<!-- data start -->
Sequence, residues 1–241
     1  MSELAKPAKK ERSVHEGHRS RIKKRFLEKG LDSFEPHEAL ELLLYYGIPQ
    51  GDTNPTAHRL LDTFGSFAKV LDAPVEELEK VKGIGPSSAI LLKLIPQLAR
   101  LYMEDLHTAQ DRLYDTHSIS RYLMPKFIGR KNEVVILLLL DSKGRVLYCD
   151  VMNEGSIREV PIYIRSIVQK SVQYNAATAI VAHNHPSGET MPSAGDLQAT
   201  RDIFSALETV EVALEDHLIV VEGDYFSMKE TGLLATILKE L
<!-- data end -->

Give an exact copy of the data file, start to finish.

Sequence, residues 1–241
     1  MSELAKPAKK ERSVHEGHRS RIKKRFLEKG LDSFEPHEAL ELLLYYGIPQ
    51  GDTNPTAHRL LDTFGSFAKV LDAPVEELEK VKGIGPSSAI LLKLIPQLAR
   101  LYMEDLHTAQ DRLYDTHSIS RYLMPKFIGR KNEVVILLLL DSKGRVLYCD
   151  VMNEGSIREV PIYIRSIVQK SVQYNAATAI VAHNHPSGET MPSAGDLQAT
   201  RDIFSALETV EVALEDHLIV VEGDYFSMKE TGLLATILKE L